Biological Significance and Applications of Heme c Proteins and Peptides

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© 2015 American Chemical Society. ConspectusHemes are ubiquitous in biology and carry out a wide range of functions. The heme group is largely invariant across proteins with different functions, although there are a few variations seen in nature. The most common variant is heme c, which is formed by a post-translational modification in which heme is covalently linked to two Cys residues on the polypeptide via thioether bonds. In this Account, the influence of this covalent attachment on heme c properties and function is discussed, and examples of how covalent attachment has been used in selected applications are presented.Proteins that bind heme c are among the most well-characterized proteins in biochemistry. Most of these proteins are cytochromes c (cyts c) that serve as electron carriers in photosynthesis and respiration. Despite the intense study of cyts c, the functional significance of heme covalent attachment has remained elusive. One observation is that heme c reaches a lower reduction potential in nature than its noncovalently linked counterpart, heme b, when comparing proteins with the same axial ligands. Furthermore, covalent attachment is known to enhance protein stability and allow the heme to be relatively solvent exposed. However, an inorganic chemistry perspective on the effects of covalent attachment has been lacking. Spectroscopic measurements and computations on cyts c and model systems reveal a number of effects of covalent attachment on heme electronic structure and reactivity. One is that the predominant nonplanar ruffling distortion seen in heme c lowers heme reduction potential. Another is that covalent attachment influences the interaction of the heme iron with the proximal His ligand. Heme ruffling also has been shown to influence electronic coupling to redox partners and, therefore, electron transfer rates by altering the distribution of the orbital hole on the porphyrin in oxidized cyt c. Another consequence of heme covalent attachment is the strong vibrational coupling seen between the iron and the protein surface as revealed by nuclear resonance vibrational spectroscopy studies. Finally, heme covalent attachment is proposed to be an important feature supporting multiple roles of cyt c in programmed cell death (apoptosis).Heme covalent attachment is not only vital for the biological functions of cyt c but also provides a useful handle in a number of applications. For one, the engineering of heme c onto an exposed portion of a protein of interest has been shown to provide a visible affinity purification tag. In addition, peptides with covalently attached heme, known as microperoxidases, have been studied as model compounds and oxidation catalysts and, more recently, in applications for energy conversion and storage. The wealth of insight gained about heme c through fundamental studies of cyts c forms a basis for future efforts toward engineering natural and artificial cytochromes for a variety of applications.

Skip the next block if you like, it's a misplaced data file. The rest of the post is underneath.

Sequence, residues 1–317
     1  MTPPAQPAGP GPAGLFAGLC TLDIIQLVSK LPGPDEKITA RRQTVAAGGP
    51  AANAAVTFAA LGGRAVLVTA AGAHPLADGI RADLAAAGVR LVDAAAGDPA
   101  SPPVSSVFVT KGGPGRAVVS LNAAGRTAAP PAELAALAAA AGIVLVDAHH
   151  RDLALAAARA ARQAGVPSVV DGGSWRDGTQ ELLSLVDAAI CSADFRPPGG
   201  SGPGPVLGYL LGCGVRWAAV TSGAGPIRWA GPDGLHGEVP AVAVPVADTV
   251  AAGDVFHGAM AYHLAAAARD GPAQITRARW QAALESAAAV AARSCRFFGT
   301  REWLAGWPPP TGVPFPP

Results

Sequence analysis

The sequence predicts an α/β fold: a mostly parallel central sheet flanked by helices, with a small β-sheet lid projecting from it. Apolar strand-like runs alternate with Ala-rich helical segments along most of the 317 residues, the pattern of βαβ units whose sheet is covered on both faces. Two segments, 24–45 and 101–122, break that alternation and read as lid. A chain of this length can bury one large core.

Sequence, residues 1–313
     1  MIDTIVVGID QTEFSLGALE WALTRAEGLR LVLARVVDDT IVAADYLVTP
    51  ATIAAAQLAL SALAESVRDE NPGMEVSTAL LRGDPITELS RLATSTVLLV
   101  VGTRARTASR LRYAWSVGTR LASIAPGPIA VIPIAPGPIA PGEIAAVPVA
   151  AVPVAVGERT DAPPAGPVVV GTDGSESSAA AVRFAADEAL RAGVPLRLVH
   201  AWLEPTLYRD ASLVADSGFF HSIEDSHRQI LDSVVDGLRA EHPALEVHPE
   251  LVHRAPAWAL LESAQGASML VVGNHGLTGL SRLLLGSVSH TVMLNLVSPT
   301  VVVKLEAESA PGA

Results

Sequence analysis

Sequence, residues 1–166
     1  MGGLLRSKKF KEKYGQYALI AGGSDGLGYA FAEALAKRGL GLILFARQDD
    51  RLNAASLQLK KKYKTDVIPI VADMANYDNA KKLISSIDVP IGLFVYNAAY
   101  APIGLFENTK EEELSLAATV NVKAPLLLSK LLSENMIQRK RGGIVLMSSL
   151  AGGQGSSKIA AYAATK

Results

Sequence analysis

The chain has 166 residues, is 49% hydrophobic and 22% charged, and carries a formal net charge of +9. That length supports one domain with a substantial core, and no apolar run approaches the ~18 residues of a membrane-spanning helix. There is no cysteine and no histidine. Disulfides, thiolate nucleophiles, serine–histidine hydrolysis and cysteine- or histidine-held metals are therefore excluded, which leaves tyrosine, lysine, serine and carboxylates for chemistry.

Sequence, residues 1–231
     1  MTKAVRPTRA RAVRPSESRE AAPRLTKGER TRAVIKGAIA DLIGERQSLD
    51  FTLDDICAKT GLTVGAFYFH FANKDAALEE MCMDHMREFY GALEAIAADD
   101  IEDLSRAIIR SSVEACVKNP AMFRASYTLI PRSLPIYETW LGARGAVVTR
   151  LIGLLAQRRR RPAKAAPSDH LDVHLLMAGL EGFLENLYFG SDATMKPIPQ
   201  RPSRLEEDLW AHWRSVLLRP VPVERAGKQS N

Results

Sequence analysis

Kleingardner, J. G., & Bren, K. L. (2015). Biological significance and applications of heme c proteins and peptides. Accounts of Chemical Research, 48(7), 1845–1852. https://doi.org/10.1021/acs.accounts.5b00106